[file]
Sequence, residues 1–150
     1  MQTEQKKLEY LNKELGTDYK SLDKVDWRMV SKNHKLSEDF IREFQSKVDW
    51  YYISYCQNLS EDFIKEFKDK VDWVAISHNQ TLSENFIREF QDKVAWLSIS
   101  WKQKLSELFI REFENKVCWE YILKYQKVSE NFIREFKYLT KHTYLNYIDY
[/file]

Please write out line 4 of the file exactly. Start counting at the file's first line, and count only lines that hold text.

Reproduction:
   101  WKQKLSELFI REFENKVCWE YILKYQKVSE NFIREFKYLT KHTYLNYIDY